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Many have told of the East India Company's extraordinary excesses in eighteenth-century India, of the plunder that made its directors fabulously wealthy. But this is only a fraction of the story. When Warren Hastings was put on trial by Edmund Burke, it brought the Company's exploits to the attention of the public. Through the trial and after, the British government transformed public understanding of the Company's corrupt actions by creating an image of a vulnerable India that needed British assistance. Intrusive behavior was recast as a civilizing mission.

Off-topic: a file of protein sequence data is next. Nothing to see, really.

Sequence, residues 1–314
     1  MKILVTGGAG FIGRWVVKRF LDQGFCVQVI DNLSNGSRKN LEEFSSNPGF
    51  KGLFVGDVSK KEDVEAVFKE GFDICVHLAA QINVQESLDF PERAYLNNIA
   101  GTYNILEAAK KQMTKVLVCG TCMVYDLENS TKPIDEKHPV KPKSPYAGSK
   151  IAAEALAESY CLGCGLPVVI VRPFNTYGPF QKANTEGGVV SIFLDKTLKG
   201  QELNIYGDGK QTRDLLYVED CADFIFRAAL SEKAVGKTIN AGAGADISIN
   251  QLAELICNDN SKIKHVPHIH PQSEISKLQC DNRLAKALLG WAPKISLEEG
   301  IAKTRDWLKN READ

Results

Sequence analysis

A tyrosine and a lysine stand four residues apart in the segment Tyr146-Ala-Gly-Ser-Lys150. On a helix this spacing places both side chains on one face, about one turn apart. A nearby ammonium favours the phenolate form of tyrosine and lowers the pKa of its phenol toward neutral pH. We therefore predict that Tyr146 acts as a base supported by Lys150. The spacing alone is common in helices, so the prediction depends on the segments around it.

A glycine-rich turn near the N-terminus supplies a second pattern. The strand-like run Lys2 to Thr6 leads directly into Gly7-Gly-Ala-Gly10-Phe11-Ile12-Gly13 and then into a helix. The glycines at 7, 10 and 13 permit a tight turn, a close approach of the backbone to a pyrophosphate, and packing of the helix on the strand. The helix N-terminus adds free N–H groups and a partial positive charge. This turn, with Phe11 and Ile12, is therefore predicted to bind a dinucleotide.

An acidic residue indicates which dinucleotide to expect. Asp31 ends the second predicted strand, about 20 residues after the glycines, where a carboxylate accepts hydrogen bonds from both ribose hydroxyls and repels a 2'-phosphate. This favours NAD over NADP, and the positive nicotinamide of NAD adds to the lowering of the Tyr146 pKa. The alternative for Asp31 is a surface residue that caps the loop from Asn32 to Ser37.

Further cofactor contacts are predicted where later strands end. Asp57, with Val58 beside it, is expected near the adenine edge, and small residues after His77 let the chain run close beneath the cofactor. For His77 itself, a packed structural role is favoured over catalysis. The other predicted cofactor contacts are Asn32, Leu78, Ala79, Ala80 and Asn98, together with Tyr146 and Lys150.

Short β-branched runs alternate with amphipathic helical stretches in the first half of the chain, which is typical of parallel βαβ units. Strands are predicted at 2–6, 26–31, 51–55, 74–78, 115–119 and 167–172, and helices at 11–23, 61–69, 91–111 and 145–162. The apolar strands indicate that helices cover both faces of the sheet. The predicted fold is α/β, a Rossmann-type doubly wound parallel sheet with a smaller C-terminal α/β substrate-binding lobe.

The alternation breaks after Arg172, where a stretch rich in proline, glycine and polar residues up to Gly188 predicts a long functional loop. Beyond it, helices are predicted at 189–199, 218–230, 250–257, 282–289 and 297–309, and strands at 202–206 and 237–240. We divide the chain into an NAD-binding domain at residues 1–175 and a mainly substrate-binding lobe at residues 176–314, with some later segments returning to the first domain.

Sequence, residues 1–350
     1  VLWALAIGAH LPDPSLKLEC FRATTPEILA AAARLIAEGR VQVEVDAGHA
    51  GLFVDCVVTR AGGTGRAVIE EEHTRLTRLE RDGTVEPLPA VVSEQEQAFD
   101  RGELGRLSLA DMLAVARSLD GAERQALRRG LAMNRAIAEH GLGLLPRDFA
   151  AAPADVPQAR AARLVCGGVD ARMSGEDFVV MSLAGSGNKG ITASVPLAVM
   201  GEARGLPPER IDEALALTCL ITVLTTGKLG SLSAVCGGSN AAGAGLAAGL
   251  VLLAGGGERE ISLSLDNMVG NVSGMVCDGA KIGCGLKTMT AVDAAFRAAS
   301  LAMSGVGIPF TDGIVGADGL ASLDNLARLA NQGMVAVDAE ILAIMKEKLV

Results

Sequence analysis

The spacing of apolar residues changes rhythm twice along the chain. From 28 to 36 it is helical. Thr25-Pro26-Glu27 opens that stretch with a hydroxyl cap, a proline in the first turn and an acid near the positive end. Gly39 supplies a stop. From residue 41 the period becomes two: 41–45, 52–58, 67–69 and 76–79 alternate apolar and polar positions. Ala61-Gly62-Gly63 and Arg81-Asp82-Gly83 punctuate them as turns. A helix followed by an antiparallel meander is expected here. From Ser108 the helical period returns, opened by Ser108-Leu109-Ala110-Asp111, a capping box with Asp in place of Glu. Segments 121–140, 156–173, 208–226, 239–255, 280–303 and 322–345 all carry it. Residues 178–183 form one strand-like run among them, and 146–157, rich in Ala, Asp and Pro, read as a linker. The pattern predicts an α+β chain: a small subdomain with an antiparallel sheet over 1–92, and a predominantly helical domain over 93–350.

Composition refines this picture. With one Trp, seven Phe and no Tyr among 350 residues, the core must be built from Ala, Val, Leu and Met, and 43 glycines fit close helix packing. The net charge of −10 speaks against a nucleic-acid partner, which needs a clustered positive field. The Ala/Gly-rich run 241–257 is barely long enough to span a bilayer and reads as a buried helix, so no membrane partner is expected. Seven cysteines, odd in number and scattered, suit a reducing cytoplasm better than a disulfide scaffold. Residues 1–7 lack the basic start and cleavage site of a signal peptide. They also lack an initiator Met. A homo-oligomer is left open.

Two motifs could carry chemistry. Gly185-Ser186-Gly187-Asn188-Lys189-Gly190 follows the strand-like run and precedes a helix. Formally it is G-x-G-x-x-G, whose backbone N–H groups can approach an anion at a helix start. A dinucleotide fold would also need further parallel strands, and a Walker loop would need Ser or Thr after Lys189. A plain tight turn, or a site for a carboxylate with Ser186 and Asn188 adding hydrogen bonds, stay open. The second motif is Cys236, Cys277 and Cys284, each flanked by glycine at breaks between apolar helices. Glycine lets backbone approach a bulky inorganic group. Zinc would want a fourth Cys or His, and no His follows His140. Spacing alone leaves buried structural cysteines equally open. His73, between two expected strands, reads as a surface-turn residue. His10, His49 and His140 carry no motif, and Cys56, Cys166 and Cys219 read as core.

In this fascinating, devastating account of the scandal that laid the foundation of the British Empire, Nicholas Dirks explains how this substitution of imperial authority for Company rule helped erase the dirty origins of empire and justify the British presence in India.
The Scandal of Empire reveals that the conquests and exploitations of the East India Company were critical to England's development. It shows how mercantile trade was inextricably linked with imperial venture and scandalous excess, and how these three things provided the ideological basis for far-flung British expansion. In this brilliantly readable and powerful critique, Dirks shows how the empire projected its own scandalous behavior onto India itself. By returning us to the moment when the scandal of empire became acceptable he gives us a new understanding of the modern culture of the colonizer and the colonized.